These rolling hills ablaze in autumn fire are experienced as a whole. There is no one tree that stands out–only forest, pasture and stream swirling down to the Upper Connecticut River Valley. The beauty is in the sum of the parts.

There is grace in this. It is so easy to worry about this aspect or that particular detail of life that is not what it should be, but God is not a specialist. He created the world including its human inhabitants and pronounced all of it “good” (Gen. 1:31). He nails our sins, “not in part, but the whole” to the cross. He loves the entire world so much that “everyone who believes in him may not perish but have everlasting life” (Jn. 3:16).  Oh, yes! Entire forests are necessary for this God to display his glory.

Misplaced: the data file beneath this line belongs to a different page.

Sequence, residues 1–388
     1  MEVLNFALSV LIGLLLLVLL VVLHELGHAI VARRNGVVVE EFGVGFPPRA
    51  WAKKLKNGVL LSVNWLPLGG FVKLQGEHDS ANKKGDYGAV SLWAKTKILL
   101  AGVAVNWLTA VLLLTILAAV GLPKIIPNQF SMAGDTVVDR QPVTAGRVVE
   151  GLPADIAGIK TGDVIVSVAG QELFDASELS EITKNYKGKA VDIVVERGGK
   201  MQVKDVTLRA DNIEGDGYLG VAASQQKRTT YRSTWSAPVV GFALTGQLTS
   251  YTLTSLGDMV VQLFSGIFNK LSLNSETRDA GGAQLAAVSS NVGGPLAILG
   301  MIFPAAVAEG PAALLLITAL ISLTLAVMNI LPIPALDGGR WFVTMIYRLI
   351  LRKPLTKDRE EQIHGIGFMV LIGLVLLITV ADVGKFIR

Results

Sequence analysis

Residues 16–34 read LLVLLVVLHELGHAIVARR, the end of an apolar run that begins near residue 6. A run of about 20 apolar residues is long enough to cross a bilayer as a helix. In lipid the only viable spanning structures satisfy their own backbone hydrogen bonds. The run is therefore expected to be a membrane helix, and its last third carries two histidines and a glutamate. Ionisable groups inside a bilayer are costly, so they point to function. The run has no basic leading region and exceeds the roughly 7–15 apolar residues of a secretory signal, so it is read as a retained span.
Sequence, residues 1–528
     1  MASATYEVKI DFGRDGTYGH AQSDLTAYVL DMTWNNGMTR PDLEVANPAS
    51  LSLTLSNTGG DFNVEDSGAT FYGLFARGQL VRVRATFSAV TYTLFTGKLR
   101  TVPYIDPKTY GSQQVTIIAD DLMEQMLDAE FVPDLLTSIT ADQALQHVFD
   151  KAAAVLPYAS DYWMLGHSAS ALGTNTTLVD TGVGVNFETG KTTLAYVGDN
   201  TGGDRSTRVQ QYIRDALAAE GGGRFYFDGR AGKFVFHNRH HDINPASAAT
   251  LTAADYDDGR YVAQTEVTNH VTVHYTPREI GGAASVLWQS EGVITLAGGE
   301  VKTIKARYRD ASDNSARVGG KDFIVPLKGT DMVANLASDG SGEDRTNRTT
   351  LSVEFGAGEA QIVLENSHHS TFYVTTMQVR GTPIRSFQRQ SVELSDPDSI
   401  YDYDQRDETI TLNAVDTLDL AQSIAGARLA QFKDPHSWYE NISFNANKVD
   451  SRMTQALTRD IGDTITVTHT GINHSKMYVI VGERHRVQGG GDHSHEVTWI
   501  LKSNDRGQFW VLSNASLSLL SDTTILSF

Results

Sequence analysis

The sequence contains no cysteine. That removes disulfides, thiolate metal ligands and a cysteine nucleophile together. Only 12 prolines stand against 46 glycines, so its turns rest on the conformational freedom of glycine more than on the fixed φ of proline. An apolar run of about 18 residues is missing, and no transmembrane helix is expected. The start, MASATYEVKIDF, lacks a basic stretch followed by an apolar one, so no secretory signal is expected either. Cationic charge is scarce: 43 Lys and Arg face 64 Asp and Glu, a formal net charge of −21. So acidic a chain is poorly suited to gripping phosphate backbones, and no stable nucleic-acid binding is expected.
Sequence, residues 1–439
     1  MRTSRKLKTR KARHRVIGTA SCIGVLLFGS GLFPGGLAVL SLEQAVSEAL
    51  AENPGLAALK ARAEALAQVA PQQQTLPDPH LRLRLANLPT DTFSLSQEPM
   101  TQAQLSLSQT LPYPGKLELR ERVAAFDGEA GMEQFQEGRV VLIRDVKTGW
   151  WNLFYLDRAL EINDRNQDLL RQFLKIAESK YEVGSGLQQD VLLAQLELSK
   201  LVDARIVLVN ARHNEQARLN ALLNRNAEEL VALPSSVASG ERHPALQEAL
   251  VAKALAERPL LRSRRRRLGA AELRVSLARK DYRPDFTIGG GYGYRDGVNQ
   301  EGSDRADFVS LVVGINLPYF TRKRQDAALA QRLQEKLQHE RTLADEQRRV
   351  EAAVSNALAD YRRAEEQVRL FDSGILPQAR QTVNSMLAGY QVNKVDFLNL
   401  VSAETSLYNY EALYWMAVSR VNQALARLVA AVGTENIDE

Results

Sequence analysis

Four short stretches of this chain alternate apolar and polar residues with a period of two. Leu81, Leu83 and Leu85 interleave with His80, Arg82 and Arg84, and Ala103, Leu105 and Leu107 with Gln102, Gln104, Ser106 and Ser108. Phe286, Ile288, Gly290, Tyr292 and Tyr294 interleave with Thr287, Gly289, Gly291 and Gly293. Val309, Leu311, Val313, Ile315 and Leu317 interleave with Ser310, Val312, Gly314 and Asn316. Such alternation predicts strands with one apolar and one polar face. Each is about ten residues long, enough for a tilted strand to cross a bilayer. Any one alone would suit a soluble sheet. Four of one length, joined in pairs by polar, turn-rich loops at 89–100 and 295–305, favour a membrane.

God creates and redeems in wholeness. Who am I to dismember my soul and pick it apart, to seek perfection, piece by piece, in the minutiae and particles of my life? Today, a sunny,  crisp October day, I’ve examined a lot of red and gold leaves and not one of them was perfect. Each bore the scars of insects or the burns of wind, sun or frost.

“A piece of perfection” may sell pies as a slogan, but it’s an oxymoron. When Jesus said, “Be perfect, therefore, as your heavenly Father is perfect” (Mt. 5:48), he wasn’t talking about us presenting without a scar or blemish. In fact, he wasn’t talking about what you and I look like at all.

No, the word “perfect,” as Jesus used it, refers to a state of “completion” or “wholeness” in love given and received without condition which is the Father’s gift and intention for friends and enemies alike. “Perfect” is what he makes us when we choose to live by his power and not by our own flawed devices.